6 - Coordination and Responding to Stimuli Flashcards Preview

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Flashcards in 6 - Coordination and Responding to Stimuli Deck (47)
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1

What is a stimulus?

Any change in the internal or external environment

2

What are receptors?

- Detect a stimulus
- Receptors in the sense organs are groups of cells that detect external stimuli
- e.g. Rod and cone cells in the eye detect changes in light

3

What are effectors?

- Cells that bring about a response to a stimuli
- Include muscle cells and cells found in glands (e.g. the pancreas)
- Effectors respond in different way (muscles contract whereas glands secrete hormones)

4

How do receptors and effectors communicate?

Via the nervous system, the hormonal system or both

5

What are sense organs?

The eyes, ears, nose, tongue and skin

6

What is the CNS?

- Central nervous system
- Made of neurons
- Consists of the brain and spinal chord only
- The job is to coordinate a response
- The high speed electrical impulses produce a rapid response
- When receptors detect and stimulus they send electrical impulses along sensory neurons to the CNS
- The CNS sends electrical impulses to an effector along a motor neuron

7

What are the neurons in the CNS?

Sensory, Relay, Motor

8

What are reflexes?

Automatic responses to certain stimuli which reduce changes of being injured
e.g. if a bright light is shone in the eye the pupil automatically get smaller to stop them being injured

9

Give an example of the reflex arc

- Cupcake candle burns finger
- Stimulation of pain in the receptors
- Impulses travel along the sensory neuron
- Impulses are passed along a relay neuron via a synapse
- Impulses travel along a motor neuron via a synapse
- When impulses reach muscles it contracts

10

What is the reflex arc?

Stimulus - Receptor - Sensory neuron - relay neuron - Motor Neuron - Effector - Response

11

What is the reflex arc?

Stimulus - Receptor - Sensory neuron - relay neuron - Motor Neuron - Effector - Response

12

What is the role of the cornea?

Refracts light into the eye
- Transparent with no blood vessels to supply it with oxygen so oxygen diffuses in from the outer surface

13

What is the role of the conjunctiva?

Lubricates and protects the surface of the eye

14

What is the role of the iris?

Controls the diameter of the pupil allowing how much light is let in

15

What is the role of the lens?

Focuses light on the retina (the light-sensitive part covered in light receptors called rods and cones)

16

Rods and Cones

Rods - more sensitive in dim light but can't sense colour
Cones - sensitive to colours but aren't so good in dim light. Found all over the retina but are loads at the fovea

17

What is the role of the optic nerve?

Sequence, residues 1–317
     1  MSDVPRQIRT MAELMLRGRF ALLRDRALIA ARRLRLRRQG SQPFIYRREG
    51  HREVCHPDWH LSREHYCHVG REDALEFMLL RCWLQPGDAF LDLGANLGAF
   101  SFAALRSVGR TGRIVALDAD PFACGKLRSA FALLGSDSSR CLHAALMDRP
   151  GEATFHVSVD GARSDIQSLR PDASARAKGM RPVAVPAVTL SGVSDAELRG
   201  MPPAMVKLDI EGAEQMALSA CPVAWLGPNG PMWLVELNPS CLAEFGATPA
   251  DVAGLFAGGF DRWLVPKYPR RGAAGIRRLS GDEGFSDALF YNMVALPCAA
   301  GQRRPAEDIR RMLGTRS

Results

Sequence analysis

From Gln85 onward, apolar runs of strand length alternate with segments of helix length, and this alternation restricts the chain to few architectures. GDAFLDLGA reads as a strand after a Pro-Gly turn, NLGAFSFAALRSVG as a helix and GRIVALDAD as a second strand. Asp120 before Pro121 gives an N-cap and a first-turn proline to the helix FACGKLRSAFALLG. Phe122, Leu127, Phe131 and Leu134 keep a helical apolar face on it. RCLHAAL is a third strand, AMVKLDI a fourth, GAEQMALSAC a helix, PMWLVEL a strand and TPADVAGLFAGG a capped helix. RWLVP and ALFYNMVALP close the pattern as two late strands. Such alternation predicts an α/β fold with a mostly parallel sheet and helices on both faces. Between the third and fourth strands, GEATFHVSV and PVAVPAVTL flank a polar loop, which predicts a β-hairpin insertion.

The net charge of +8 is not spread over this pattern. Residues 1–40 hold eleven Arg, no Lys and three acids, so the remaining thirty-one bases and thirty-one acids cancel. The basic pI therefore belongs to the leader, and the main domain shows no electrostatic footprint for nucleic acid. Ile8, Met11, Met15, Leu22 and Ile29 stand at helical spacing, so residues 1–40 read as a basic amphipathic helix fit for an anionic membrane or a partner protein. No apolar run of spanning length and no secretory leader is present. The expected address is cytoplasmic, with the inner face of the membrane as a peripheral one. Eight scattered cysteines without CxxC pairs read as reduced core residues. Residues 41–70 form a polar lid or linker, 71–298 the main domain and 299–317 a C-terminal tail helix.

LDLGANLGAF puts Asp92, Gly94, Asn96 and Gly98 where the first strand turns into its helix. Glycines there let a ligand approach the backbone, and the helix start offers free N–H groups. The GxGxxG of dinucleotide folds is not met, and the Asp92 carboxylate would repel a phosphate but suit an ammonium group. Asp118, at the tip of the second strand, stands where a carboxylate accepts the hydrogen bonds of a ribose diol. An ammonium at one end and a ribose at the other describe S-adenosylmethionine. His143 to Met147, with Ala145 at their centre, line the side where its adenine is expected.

Carries impulses from the receptors to the brain

18

How does the eye adjust to bright light?

- Bright light triggers a reflex that makes the pupil smaller, allowing less light in
- Light receptors detect light and send a message along sensory neurons to the brain. The message travels along a relay neuron to a motor neuron which tells circular muscles to contract
- The opposite happens in dark light

19

How does the eye look at distant objects?

- Ciliary muscles relax
- Suspensory ligaments pull tight
- This makes the lens go thin (less curved)

20

How does the eye look at near objects?

- Ciliary muscles contract
- Slackens the suspensory ligaments
- The lens becomes fat (more curved)

21

Long-sighted people

- Unable to focus on near objects
- The cornea or lens doesn't bend the light enough or the eyeball is too short
- The images of near objects are brought into focus behind the retina

22

Short-sighted people

- Unable to focus on distant objects
- The cornea or lens bends the light too much or the eyeball is too long
- The images of distant objects are brought into focus in front of the retina

23

Short-sighted people

- Unable to focus on distant objects
- The cornea or lens bends the light too much or the eyeball is too long
- The images of distant objects are brought into focus in front of the retina

24

What are hormones?

Chemicals released directly into the blood
- Carried in the blood plasma to other parts of the body but only affect particular cells (called target cells) in particular places
- Control things in organs and cells that need constant adjustment
- Produced in various glands
- Travel slowly and last for a long time

25

ADH

Source - Pituitary gland (brain)
Role - Controls water content
Effect - Increases water permeability of the kidney tubules to water

26

Adrenaline

Source - Adrenal glands (on top of kidney)
Role - Readies the body for a 'fight or flight' response
Effect - Increases heart rate, blood flow to muscles and blood sugar levels

27

Insulin

Source - Pancreas
Role - Helps control blood sugar lever
Effect - Stimulates the liver to turn glucose into glycogen for storage

28

Testosterone

Source - Testes
Role - Male sex hormone
Effect - promotes male secondary characteristics (e.g. facial hair)

29

Progesterone

Source - Ovary
Role - Supports pregnancy
Effect - Maintains the lining of the uterus

30

Oestrogen

Source - Ovaries
Role - Female sex hormone
Effect - Controls the menstrual cycle and promotes female secondary characteristics (e.g. widening of hips)